While we primarily work on Egyptian materials in the Artifact Lab, we occasionally work on objects from other cultures as well. (http://www.penn.museum/sites/artifactlab/2013/12/21/ch-ch-changes-in-the-artifact-lab/) Recently, two new objects were brought to lab. They are two glass vessels from Cyprus, which were discovered in the archaeological site of Kourion. Their date is unknown.
First of all, what is glass made of? Generally three materials are mixed together:
– A former, being the main component: silica, usually found in sand;
– A flux, lowering the melting point of the glass mixture, the melting point being the temperature at which the glass mixture becomes a liquid (from 1600-1713 Celsius for raw silica alone to 800 Celsius for silica + a flux); this material is an alkali or soda.
– A stabilizer, inserted inside the chemical structure of the glass to strengthen it; usually lime.
– A fourth material, metal oxides, can be added to obtain a specific color (manganese for purple, gold for red, silver for yellow…).
This composition and the percentages of each substance change according to times and places. Moreover, glass can take a wide range of different shapes.
Here is a picture of the objects before treatment:
The two glass objects before treatment.
Both are glass vessels. The vessel on the left was restored in the past; a coating was applied on its whole surface and it was glued with that same substance. This adhesive is now flaking off the object, leaving thin and transparent films. This become more obvious when observed under ultraviolet light.
The object viewed under UV light. The bright white-yellow material is the old adhesive.
The old adhesive is pretty obvious now, with its white-yellowish color. This substance is also soluble in acetone. These properties allowed us to conclude that it is cellulose nitrate, a well-known material used to restore glass objects in the past. In addition to not aging well, this adhesive was applied very thickly on the edges, preventing the fragments from being joined together correctly.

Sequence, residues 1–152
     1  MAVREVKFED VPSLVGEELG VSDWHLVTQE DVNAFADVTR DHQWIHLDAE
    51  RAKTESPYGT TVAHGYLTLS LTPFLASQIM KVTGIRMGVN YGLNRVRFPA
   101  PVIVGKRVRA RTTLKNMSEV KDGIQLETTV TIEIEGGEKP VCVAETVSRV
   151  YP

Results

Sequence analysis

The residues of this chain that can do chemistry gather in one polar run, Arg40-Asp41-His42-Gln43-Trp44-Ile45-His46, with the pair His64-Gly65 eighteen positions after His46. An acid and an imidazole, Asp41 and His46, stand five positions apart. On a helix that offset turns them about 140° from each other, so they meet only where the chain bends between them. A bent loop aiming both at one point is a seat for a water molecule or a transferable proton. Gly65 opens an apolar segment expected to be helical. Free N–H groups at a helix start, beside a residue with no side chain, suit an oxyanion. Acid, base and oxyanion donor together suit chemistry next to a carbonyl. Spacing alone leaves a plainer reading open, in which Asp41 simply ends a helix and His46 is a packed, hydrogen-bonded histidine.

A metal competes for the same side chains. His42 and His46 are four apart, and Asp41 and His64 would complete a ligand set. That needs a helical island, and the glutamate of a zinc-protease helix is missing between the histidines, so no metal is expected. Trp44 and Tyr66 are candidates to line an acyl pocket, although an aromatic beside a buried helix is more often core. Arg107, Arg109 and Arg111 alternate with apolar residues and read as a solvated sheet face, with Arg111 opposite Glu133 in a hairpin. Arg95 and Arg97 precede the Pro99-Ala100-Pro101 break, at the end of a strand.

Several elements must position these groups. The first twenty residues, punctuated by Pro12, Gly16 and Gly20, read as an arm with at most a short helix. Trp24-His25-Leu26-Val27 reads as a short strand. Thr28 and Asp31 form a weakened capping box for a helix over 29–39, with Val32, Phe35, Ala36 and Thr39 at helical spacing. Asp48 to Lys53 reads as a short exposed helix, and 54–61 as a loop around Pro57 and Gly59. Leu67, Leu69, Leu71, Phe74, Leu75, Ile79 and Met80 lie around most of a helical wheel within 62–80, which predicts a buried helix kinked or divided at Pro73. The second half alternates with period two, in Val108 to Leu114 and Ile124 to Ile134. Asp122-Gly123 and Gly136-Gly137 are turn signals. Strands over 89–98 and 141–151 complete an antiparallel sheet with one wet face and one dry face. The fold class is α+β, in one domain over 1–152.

Example of a problematic cellulose nitrate deposit on the
edge of a fragment.
Both glass objects also show evidence of delamination of their surfaces. It takes the form of a white layer, which flakes off the object.
This phenomenon, called delamination, can start in the burial environment especially when the object undergoes weathering. This weathering changes the refractive index of glass as well. Each glass artifact has a specific refractive index, indicating how the light passes through it. According to this, our eye will perceive the object a certain way. Any change in the material, such as delamination, will alter this refractive index and thus our perception of it.
Here is an illustration directly on the object itself:
Delamination of the glass; the delaminated layers are white whereas the ‘glass substrate’ show a brown amber color.
This process, if not stopped, can end up delaminating the whole object, layer by layer, resulting in the loss of this artifact. Conservation treatment, and good environmental controls, can prevent this from happening.
We’ll write more about the treatment of these glass vessels in our next post!